The Fifteenth Museum Night on January 31, 2020, was again a great success with the public and filled the museums and other heritage institutions with a plethora of visitors looking for new and exciting cultural content. Around 250 locations in 110 cities and towns in Croatia hosted over 218,000 visitors. The Museum Night at our HT Museum was just as successful with almost a thousand visitors.
The HT Museum has this year offered a new thematic exhibition on the occasion of 170 years of Croatian telecommunications. Commemorating this anniversary, we are reminded that today's telecommunications go back to the 19th century when the first message was sent to the governor Josip Jelačić via electric telegram.
Visiting the new exhibition “The Beginnings of Telecommunications in the Book Treasury,” visitors were surprised by the plentiful of information they could read with exhibited museum items and on the accompanying posters. Namely, Zagreb was the 31st city included in the telegraph network of the Austrian Empire. As a connection to the previously constructed southern telegraph line Vienna-Graz-Celje-Ljubljana-Postojna-Trieste, the Zidani Most-Zagreb telegraph line was built. In 1850, Austria started training courses for telegraphists. The first books on telegraphy were theoretical and practical manuals to assist in the handling of telegraph devices.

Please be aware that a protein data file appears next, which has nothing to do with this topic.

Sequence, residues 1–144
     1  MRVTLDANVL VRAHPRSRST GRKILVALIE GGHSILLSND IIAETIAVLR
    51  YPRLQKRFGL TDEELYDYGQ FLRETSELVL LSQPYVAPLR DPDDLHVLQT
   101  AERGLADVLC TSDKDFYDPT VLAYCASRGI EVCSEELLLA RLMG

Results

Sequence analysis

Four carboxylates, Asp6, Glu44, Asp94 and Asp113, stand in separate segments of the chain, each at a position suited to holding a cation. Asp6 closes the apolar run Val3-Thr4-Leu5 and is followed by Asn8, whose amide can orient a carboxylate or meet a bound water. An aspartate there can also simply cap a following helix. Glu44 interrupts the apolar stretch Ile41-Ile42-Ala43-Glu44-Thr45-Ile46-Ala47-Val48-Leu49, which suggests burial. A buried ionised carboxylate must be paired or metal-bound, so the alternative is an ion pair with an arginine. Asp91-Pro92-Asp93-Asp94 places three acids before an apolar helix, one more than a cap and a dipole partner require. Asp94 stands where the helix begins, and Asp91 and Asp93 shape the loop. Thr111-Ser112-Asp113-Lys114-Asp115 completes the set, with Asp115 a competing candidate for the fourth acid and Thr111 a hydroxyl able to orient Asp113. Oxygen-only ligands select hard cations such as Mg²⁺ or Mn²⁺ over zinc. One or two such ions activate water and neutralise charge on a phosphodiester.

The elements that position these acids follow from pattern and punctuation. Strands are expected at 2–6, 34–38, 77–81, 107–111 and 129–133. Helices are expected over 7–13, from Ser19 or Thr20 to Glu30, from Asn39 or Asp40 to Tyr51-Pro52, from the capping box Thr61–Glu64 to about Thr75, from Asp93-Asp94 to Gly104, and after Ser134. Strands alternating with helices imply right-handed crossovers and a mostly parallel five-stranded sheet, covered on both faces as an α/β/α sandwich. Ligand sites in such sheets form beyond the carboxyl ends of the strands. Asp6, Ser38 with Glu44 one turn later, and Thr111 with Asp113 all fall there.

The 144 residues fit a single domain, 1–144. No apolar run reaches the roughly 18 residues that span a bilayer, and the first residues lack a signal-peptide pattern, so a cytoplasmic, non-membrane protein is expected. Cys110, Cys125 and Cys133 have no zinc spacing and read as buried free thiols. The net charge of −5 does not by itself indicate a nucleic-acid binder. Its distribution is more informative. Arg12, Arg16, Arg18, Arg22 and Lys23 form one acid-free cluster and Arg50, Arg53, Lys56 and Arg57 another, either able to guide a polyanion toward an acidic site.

The most significant contribution to the development of telecommunications literature in Croatia was made by the great expert, theorist, and inventor in the field of telegraphy Ferdinand Kovačević (1838-1913). In 1875, as a secretary of the Telegraph Directorate for Croatia and Slavonia, he published in Zagreb his first professional work in the German language titled Drive Interferences of Above-Ground Telegraph Cables, their Search and Removal. Although the author is almost unknown to the general public, it is the first book published by a Croatian author in our country in the field of telecommunications. His innovative work also makes him a pioneer of telecommunications. In 1876 he patented in Vienna the method of simultaneously sending two or four telegrams with one guide. It was the first Croatian patent in the field of telecommunications. In 1892 he wrote the electromagnetic telegram manual for the purposes of the Zagreb scientific course, especially with regard to the postal telegrams, which is considered to be the first professional book in the field of telecommunications and electrical engineering in the Croatian language.
The exhibition area of the HT Museum is designed to offer something for visitors of all generations. Although our younger visitors are always very interested in how it used to be when telephone calls were still connected by operators, they nevertheless spent most of their time at the mobile phone exhibition, taking photos with the first mobile phone weighing three kilograms or beneath a phone cloud hanging from the ceiling. Among the many comments in the book of impressions that praise the exposed items of older and recent telecommunications history, we bring the one that stood out the most: Sweetest museum, which is not a chocolate museum!